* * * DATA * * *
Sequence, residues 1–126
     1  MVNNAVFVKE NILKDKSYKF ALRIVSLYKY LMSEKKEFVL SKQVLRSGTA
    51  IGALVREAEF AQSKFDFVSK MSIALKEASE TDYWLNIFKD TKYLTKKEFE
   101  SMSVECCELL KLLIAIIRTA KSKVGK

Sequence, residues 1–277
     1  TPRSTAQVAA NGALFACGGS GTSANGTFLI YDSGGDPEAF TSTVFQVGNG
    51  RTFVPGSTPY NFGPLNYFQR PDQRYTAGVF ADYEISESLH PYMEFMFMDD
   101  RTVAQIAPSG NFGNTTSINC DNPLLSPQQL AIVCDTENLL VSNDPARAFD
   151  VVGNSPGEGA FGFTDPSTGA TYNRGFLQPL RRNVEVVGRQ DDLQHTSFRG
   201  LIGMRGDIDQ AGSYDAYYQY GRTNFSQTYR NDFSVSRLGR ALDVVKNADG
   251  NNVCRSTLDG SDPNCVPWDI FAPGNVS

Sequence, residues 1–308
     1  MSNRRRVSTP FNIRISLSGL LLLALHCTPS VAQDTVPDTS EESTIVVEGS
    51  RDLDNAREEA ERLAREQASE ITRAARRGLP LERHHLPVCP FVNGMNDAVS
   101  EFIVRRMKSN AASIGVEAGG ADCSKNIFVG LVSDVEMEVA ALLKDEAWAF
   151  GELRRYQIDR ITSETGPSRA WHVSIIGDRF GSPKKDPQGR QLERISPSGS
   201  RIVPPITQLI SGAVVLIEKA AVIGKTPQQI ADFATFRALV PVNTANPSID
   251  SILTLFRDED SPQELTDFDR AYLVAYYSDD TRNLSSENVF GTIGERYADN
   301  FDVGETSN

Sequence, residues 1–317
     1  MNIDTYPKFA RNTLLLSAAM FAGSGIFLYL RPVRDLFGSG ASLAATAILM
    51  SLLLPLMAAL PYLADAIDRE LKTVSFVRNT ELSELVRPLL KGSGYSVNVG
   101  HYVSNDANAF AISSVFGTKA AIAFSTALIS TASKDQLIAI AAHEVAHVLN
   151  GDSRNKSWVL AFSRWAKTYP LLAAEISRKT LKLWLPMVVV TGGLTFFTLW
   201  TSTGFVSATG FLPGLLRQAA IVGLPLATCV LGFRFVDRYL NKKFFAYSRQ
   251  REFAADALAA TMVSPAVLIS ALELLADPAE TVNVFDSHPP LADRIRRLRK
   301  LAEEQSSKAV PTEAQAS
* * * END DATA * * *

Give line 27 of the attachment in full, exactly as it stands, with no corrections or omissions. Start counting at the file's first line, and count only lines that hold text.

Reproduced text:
   301  LAEEQSSKAV PTEAQAS